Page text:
Last week I texted my personal trainer to confirm our Wednesday morning appointment. I added: “no weigh-in.” My trainer has never fully grasped my aversion to being weighed. Even if I am not interested in jumping on the scale, he’ll often suggest that I get on it and not look. Only he will look.
When I showed up last Wednesday he asked again if I wanted to weigh-in, as a way of “seeing how I did” over the holidays. To be quite honest, I know full well how I did over the holidays. I ate a little more chocolate and dessert than I usually do, I sat around a little more than I usually do, and I worked out a bit less. So yes, the jeans felt a bit tighter.
More than wanting to know my weight, I felt keen to get back to weight training at my usual intensity. It was interrupted at the end of November because of a lower back strain that compromised my mobility.
I explained to my personal trainer that I didn’t find weight to be a helpful measure of anything. He suggested that the body fat percentage reading also came from the scale. This is true. But I honestly don’t expect to see dramatic changes in body fat percentage from week to week.
In the end, I didn’t step on the scale that day. But I also failed to convince my trainer to stop hounding me to do it again in the future.
I have, however, resolved to put the scales away. I want to say “for the rest of the year,” but I have to admit that the thought terrifies me.
As I mentioned a couple of weeks ago, I’m re-acquainting myself with some literature that became popular in the early nineties. It’s about making peace with food and developing a positive and accepting body image. I’ve started with Overcoming Overeating: How to Break the Diet/Binge Cycle and Live a Healthier, More Satisfying Life by Jane R. Hirschmann and Carol H. Munter.
The book outlines a plan that is supposed to get rid of the diet mentality of good foods, bad foods, and restricted eating, and replace it with “demand feeding.” They suggest that this is the only way out of the “change your shape, change your life” game that so many of us have played for many years.
It’s not for the faint of heart. If you have become accustomed to restricted eating and the idea that certain foods are off limits (or just for special occasions), chances are you will either feel terrified or giddy at their suggestions.
The instructions include: purchasing a full length mirror if you do not already have one (you will stand in front if it naked on a daily basis and look at your body in purely descriptive terms); dropping any distinction you might have about the difference between carrot sticks and carrot cake, i.e. all foods are equal and all foods are “legal”; making a list of all of your favourite foods and filling your kitchen with them in ample amounts (like, more than you could possibly eat; if you love carrot cake, buy three cakes, not one slice); feeding yourself “on demand” by responding to hunger (this means waiting until you’re hungry and stopping when you’re satisfied); dispensing with all sense of “meals” and replacing it with “food experiences”; and…..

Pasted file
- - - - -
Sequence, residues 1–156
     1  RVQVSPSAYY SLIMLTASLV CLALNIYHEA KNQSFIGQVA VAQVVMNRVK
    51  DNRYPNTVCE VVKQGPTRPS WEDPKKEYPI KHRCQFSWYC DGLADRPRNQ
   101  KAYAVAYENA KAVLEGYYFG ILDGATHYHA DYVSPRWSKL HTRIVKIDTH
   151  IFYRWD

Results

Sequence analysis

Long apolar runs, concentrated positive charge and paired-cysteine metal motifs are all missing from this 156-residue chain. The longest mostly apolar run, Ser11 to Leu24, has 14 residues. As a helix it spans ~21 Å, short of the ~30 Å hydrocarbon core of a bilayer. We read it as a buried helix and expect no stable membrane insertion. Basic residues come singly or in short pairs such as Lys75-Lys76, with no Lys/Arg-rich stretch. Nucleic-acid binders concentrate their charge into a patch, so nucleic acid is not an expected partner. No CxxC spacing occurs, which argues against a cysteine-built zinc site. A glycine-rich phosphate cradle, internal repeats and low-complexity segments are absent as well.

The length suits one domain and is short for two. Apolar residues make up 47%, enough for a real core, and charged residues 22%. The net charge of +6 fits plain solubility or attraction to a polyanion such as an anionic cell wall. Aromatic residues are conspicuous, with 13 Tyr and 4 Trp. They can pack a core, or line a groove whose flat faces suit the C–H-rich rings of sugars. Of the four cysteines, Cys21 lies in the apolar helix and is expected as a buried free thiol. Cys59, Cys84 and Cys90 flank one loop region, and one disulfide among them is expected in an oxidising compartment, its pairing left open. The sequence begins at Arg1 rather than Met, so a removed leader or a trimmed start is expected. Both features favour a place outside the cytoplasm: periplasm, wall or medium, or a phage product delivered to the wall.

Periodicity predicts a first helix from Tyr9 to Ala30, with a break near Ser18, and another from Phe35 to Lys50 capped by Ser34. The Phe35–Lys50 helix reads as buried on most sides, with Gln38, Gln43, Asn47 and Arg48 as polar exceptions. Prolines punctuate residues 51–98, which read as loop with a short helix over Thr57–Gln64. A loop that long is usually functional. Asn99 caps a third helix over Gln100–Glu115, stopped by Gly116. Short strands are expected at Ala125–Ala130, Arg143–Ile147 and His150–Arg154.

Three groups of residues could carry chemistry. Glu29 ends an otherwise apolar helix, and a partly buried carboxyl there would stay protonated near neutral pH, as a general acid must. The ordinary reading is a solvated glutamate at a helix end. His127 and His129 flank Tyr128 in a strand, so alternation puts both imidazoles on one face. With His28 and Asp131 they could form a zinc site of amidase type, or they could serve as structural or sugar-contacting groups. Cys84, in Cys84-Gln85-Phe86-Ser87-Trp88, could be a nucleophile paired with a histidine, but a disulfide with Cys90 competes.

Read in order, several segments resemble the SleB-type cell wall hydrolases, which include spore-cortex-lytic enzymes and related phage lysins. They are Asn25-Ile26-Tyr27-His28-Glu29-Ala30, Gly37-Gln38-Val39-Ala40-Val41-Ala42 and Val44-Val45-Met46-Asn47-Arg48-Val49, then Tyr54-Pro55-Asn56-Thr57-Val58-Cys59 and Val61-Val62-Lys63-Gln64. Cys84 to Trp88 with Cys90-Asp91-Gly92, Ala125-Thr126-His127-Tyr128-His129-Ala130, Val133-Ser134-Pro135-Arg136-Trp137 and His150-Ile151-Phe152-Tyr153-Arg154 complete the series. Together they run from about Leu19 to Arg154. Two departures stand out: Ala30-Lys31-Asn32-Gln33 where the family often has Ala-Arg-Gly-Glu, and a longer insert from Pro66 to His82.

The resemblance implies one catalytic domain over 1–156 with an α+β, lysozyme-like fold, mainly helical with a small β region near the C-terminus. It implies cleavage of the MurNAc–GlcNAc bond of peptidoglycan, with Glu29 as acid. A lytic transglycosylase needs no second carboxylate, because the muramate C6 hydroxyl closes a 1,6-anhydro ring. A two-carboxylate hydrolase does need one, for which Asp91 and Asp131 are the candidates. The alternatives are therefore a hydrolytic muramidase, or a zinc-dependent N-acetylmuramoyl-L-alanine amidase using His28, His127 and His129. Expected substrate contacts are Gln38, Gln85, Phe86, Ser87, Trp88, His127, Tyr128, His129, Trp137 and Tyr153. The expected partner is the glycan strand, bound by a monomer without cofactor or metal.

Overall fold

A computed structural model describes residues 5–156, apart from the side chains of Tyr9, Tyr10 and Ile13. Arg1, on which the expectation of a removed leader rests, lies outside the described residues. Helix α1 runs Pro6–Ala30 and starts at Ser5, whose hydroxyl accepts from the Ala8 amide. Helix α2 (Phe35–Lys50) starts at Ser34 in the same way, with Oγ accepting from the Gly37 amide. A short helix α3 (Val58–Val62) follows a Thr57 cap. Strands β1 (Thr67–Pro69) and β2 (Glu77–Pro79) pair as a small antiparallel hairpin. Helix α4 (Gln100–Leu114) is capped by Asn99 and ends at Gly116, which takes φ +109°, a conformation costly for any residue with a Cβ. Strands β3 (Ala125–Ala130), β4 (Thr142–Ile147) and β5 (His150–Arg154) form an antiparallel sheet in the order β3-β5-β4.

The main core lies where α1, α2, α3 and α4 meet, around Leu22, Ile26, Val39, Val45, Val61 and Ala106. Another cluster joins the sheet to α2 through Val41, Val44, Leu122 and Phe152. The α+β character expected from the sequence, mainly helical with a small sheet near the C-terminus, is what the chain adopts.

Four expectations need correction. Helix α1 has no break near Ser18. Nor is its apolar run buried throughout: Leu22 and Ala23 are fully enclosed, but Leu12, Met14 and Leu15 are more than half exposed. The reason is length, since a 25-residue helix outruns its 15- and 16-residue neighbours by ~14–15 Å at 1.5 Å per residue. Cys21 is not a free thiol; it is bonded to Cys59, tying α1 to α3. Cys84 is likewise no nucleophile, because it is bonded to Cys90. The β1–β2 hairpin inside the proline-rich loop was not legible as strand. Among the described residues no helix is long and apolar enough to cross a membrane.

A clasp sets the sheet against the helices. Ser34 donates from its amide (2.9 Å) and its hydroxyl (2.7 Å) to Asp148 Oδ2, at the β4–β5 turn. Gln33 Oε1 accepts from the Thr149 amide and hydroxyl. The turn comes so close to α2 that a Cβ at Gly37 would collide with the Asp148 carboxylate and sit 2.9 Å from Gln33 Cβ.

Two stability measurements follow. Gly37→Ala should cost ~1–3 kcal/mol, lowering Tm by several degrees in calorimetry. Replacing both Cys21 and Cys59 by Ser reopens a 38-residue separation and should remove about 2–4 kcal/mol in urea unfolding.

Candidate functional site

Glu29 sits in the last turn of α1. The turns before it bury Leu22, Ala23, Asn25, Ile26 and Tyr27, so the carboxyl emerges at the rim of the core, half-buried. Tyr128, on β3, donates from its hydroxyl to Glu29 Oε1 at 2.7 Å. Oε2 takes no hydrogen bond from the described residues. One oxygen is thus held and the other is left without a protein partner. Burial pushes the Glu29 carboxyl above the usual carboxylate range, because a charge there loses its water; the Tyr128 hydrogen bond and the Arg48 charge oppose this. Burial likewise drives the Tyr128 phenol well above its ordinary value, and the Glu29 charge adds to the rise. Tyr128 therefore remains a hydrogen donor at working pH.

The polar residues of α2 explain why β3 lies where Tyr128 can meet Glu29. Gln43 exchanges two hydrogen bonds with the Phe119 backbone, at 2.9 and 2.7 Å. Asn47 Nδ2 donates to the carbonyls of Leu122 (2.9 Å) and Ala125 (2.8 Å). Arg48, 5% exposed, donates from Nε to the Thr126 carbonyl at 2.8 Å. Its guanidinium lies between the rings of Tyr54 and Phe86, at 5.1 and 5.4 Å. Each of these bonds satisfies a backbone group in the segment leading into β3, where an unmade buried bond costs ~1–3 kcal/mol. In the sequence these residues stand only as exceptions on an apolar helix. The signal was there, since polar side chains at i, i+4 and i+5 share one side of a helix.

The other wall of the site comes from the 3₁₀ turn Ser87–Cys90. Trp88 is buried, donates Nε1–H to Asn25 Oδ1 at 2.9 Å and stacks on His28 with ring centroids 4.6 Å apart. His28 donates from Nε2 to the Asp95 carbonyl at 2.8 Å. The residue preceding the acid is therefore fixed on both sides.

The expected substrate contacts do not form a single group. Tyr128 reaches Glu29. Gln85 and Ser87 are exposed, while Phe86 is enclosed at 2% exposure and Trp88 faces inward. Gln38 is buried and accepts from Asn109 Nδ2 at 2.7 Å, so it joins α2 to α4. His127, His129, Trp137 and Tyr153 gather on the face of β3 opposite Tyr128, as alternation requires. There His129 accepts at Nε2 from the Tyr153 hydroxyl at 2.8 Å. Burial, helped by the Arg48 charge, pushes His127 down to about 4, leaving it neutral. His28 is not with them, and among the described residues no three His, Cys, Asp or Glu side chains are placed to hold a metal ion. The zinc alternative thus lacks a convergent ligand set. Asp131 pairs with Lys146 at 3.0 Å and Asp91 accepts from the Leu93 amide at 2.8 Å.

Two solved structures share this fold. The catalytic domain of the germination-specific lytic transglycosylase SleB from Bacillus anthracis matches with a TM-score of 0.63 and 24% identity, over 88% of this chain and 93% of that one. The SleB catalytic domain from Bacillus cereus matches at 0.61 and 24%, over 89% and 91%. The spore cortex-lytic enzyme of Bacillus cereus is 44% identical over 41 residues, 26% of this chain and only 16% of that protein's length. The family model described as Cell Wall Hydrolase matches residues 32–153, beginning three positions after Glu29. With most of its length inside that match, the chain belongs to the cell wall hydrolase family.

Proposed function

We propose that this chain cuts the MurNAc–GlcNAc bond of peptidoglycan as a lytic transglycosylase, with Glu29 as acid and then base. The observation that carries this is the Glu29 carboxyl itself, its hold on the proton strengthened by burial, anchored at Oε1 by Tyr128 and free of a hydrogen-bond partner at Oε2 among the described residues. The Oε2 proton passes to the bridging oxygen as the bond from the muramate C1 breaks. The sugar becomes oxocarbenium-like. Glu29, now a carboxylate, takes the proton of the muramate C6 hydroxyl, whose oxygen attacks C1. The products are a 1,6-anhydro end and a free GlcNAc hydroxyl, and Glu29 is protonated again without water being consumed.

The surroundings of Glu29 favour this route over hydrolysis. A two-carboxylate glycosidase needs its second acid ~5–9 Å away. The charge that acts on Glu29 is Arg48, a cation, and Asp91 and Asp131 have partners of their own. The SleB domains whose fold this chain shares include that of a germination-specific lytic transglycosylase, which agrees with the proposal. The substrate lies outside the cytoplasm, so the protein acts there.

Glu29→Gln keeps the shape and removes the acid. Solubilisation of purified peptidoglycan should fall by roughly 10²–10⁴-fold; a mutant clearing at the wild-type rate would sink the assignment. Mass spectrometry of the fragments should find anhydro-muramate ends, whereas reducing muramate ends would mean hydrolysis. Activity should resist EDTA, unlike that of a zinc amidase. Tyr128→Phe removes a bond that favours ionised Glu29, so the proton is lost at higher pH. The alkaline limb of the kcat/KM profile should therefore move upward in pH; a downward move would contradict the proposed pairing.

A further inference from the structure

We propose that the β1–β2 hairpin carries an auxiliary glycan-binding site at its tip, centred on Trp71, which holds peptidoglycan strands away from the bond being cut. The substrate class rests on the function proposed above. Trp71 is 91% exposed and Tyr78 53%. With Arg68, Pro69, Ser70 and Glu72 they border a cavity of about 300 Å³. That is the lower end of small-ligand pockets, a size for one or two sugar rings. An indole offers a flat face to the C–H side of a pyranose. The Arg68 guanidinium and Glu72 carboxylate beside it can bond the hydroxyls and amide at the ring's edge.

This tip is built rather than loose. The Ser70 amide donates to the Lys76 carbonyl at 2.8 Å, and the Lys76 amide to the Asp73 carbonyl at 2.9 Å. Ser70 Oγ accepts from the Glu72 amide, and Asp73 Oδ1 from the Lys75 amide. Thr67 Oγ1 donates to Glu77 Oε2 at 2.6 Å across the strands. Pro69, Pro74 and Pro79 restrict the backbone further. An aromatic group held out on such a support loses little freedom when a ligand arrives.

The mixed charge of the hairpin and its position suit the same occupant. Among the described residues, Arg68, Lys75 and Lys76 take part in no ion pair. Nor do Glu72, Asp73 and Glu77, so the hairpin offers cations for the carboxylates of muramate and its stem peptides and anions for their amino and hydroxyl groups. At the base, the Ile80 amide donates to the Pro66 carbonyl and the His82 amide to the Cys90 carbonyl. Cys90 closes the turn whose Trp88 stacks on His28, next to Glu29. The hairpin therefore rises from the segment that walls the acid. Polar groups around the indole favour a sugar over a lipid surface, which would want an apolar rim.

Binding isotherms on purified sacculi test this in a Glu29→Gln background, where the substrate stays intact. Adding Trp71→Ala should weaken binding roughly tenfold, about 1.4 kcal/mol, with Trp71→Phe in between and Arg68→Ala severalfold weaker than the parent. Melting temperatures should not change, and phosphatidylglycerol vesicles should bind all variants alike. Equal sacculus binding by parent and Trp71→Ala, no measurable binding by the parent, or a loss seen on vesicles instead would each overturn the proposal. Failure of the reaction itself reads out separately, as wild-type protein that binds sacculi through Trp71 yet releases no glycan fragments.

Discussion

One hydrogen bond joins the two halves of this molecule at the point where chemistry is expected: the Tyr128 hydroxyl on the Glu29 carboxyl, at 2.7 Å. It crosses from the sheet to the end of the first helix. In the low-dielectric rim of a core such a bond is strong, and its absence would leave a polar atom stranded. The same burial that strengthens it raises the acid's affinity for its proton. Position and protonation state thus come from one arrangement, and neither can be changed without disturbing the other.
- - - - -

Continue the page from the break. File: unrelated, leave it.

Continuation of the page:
…TOSSING YOUR SCALE.
Any one of these suggestions is blogpost-worthy. And I have not done them justice by just listing them without an explanation. To many, they will sound crazy or even irresponsible without more context. I’ve actually, over the years, incorporated many of them into my life already and found relative peace with food.
Today, I want to focus only on the one about the scale since this is the one that remains the most challenging for me.
The authors say: Every day, millions of people allow their bathroom scales to determine their general outlook. Most of us who live in a fatphobic culture are addicted to the scale. When our weight is high, we feel low; when it’s low, we feel high. We allow the scale to tell us how we’re doing with regard to much more than weight.
What they say resonates strongly with me. As much as I believe in my head that the scale is just a number and that weight is not important, I still feel good about who I am when I’ve lost, bad about who I am when I’ve gained. This is despite a set of explicit and conscious beliefs that oppose that way of thinking. And despite too that my weight fluctuates within the same 4 pound range and has done so consistently for more than a year.
Hirschmann and Munter go on to say: If you are earnest about accepting yourself, the scale must go. Simply put, the scale is the most powerful symbol of nonacceptance in our life. It measures, and it judges. It sits quietly in the corner of your bathroom and beckons. “Come on. What harm can I do? Take a chance. Maybe you’ll get good news.”
As an educated woman and feminist who knows better, it embarrasses me to admit just how much I can STILL identify with what they say here. Even now, I find myself hedging my bets. “I will put the scale away for the month of January” is about all I can comfortably commit to at the moment.
Why? Like my personal trainer, there is a part of me that believes that I won’t be able to tell “how I’m doing” unless I can weigh myself. But if I am truly committed to the claim that weight is not an important measure of anything, then I need to take this further step. Hirschmann and Munter assert with confidence that “once you become not-a-weight-watcher…the scale’s importance will diminish.”
So, I’m going to give it a go. The home scale is about to get packed away.
As for the weigh-ins at the personal training studio, I’ve decided for a number of reasons to stop working with a trainer. I enjoyed it and learned a lot, but my partner and I are bringing our workouts home for 2013. That’s for another blog post.